Placing your eggs in a variety of baskets or spreading your money across many different investments is diversification 101. If there are 2 lessons everyone should be required to learn before they invest they are:

1.  How compounding works
2. What is diversification and how does it work.

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Procrastination is your financial enemy

Procrastination is your financial enemy
 
Procrastination is one of those human foibles we all do at some point. It’s something we all knowingly shake our heads and chuckle at because it’s not quite the same as being lazy or incompetent.

Weirdly it has almost become socially acceptable. When the tools of our productivity (our laptop and smartphone) also provide our entertainment, procrastination is as easy and tempting.

Even the most motivated people on Earth can tell you about ‘that one time’ they procrastinated. For more normal people we do it regularly over major and minor things and it’s hugely frustrating. When we’re honest with ourselves, we know we could have done better by starting earlier.
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Pay your future self – Best way to save money in your 20s & 30s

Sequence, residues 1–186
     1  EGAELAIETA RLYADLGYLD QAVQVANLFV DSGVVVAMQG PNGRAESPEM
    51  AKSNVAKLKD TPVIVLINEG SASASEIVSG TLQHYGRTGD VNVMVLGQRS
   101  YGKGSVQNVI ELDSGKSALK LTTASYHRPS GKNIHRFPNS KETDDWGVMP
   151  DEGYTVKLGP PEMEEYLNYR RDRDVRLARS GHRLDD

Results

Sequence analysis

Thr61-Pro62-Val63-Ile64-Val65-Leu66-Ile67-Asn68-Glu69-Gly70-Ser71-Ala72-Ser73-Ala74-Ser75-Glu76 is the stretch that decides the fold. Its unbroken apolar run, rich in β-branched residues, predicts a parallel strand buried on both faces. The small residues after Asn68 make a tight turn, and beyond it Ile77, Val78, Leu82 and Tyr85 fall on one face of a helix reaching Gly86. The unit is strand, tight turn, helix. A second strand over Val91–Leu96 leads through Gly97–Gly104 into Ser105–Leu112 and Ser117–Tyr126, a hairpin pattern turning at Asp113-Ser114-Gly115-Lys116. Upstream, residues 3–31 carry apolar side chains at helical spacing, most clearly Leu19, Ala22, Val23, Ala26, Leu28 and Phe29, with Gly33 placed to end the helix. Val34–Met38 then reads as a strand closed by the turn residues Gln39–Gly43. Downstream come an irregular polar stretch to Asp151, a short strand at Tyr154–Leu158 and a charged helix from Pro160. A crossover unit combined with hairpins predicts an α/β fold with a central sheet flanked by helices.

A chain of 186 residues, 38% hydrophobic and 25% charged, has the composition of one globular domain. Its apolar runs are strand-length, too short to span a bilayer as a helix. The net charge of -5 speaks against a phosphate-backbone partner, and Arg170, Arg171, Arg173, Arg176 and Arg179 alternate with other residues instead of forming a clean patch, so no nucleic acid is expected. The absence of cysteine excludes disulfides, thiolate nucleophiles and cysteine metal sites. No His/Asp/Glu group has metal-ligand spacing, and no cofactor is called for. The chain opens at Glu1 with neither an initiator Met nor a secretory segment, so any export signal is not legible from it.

Saving money in your 20s and 30s
 
Saving money and getting started investing in your 20s and 30s is something everyone knows you should do. However life gets in the way and saving can take a back seat to fun and entertainment when you’re young.

There’s nothing wrong with clocking up experiences, smashed avo brunches and great dinners out, but living pay-cheque to pay-cheque isn’t sustainable as you get older.

As a (reformed) lover of spending my dosh I’m here to strongly encourage you to start saving now. Today! The reason why is simple, saving money earlier in life has an EXPONENTIAL impact on your long term wealth. Start 10 years later and the maths could make it impossible to get where you want to be.
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We need to talk about finance

We need to talk about finance
 
I love emojis. Admittedly I was a latecomer to the emoji party I (to my shame) thought I was above them. I was then convinced by a clever friend that they’re like modern hieroglyphics and a valid form of communication. I’m not going to argue with that.

What do emojis have to do with finance? Aside from my personal desire to see the finance news reported in a variety of smiley, joyous or sad faces, not a great deal… but this blog is about why we need to talk about finance more.